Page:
Meet four women leaders who are not only at the forefront of technology today, but also using tech — from robotics and medicine to food and undergarments — to help others.
Movies & TV

The best shows on Netflix right now (March 2019)

Looking for a new show to binge? Lucky for you, we've curated a list of the best shows on Netflix, whether you're a fan of outlandish anime, dramatic period pieces, or shows that leave you questioning what lies beyond.
Emerging Tech

Take a dip in the Lagoon Nebula in first image from SPECULOOS instrument

The European Southern Observatory has released the first image collected by their new SPECULOOS instrument, and it's a stunning portrait of the Lagoon Nebula, a swirling cloud of dust and gas where new stars are born.
Emerging Tech

Robot assistants from Toyota and Panasonic gear up for the Tokyo Olympics

Japan plans to use the 2020 Olympics to showcase a range of its advanced technologies. Toyota and Panasonic are already getting in on the act, recently unveiling several robotic designs that they intend to deploy at the event.
Emerging Tech

A.I.-generated text is supercharging fake news. This is how we fight back

A new A.I. tool is reportedly able to spot passages of text written by algorithm. Here's why similar systems might prove essential in a world of fake news created by smart machines.
Emerging Tech

Racing to catch a flight? Robot valet at French airport will park your car

Hate searching for parking at the airport when you need to catch a plane? Startup Stanley Robotics recently unveiled a new outdoor automated robotic valet system. Here's how it works.
Business

Bags with brains: Smart luggage and gadgets are making travel smoother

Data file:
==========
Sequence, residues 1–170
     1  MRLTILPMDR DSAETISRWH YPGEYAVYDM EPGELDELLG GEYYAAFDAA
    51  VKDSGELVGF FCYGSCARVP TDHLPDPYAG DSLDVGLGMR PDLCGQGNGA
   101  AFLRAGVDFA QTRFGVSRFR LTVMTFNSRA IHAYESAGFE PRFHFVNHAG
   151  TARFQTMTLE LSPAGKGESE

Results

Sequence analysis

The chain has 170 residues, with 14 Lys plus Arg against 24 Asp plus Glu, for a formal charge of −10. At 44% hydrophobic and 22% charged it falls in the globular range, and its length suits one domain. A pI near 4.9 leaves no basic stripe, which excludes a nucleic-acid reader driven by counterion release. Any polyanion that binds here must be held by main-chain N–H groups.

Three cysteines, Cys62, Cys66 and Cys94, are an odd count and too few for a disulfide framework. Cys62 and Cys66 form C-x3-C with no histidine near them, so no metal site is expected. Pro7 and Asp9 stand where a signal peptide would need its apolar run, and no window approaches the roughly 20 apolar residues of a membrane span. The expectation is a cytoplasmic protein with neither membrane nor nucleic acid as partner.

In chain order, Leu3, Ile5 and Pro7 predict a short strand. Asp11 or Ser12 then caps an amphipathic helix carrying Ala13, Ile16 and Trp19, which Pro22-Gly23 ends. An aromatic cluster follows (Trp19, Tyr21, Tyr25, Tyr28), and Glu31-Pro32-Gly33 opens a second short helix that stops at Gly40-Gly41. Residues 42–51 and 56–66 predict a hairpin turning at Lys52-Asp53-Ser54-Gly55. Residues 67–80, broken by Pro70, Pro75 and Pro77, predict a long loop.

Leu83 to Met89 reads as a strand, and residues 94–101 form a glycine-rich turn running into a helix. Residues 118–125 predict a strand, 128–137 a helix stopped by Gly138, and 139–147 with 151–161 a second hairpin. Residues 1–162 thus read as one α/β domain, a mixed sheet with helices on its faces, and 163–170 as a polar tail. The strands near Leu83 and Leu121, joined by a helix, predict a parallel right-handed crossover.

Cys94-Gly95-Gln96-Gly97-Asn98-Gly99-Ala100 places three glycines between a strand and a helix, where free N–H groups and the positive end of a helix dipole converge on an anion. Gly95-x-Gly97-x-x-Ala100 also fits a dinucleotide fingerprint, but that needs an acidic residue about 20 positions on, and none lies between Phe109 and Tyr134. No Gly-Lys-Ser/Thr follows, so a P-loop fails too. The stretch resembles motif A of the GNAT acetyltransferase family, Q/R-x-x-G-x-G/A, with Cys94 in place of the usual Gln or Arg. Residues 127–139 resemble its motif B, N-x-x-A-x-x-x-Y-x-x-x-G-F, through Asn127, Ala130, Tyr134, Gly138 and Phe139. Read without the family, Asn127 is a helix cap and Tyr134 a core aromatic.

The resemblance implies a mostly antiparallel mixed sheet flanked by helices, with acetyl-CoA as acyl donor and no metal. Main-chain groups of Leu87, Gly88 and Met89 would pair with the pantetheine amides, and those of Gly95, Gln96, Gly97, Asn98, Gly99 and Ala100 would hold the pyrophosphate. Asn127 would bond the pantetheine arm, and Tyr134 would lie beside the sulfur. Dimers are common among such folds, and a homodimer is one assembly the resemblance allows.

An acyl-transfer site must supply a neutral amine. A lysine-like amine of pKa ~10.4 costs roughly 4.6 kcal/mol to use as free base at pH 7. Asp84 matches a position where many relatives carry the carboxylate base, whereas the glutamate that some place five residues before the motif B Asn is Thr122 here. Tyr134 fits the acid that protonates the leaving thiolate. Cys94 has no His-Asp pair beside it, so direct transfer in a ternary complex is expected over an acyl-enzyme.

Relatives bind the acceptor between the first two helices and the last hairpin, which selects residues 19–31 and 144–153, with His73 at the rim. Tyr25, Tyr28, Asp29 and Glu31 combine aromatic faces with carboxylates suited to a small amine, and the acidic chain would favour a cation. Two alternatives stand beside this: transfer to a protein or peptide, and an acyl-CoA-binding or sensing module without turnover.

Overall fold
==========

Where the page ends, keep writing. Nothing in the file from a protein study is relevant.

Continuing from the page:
The bag you use to tote your stuff can affect the experience of any trip. In response, suitcases are wising up, and there are now options for smart luggage with scales, tracking, and more. Here are our favorite pieces.
Computing

At $99, Nvidia’s Jetson Nano minicomputer seeks to bring robotics to the masses

Nvidia announced a new A.I. computer, the Jetson Nano. This computer comes with an 128-core GPU that Nvidia claims can handle pretty much any A.I. framework you could imagine. At $99, it's an affordable way for A.I. newbies to get involved.
Computing

Nvidia’s A.I. Playground lets you edit photos, experience deep learning research

Nvidia is making it easier to access information on deep learning research. It has launched an online space with three demos for image editing, styling, as well as photorealistic image synthesis. 
Business

British Airways’ new Club Suite for business class comes with a door

British Airways is going after a bigger slice of the business class market with the imminent launch of the Club Suite. The plush seating option offers a more private space as well as an easier route to the bathroom.
Smart Home

Sony’s Aibo robot dog can now patrol your home for persons of interest

Sony released the all-new Aibo in the U.S. around nine months ago, and since then the robot dog has (hopefully) been melting owners' hearts with its cute looks and clever tricks. Now it has a new one up its sleeve.
Emerging Tech

Inflating smart pills could be a painless alternative to injections

Could an inflating pill containing hidden microneedles replace painful injections? The creators of the RaniPill robotic capsule think so — and they have the human trials to prove it.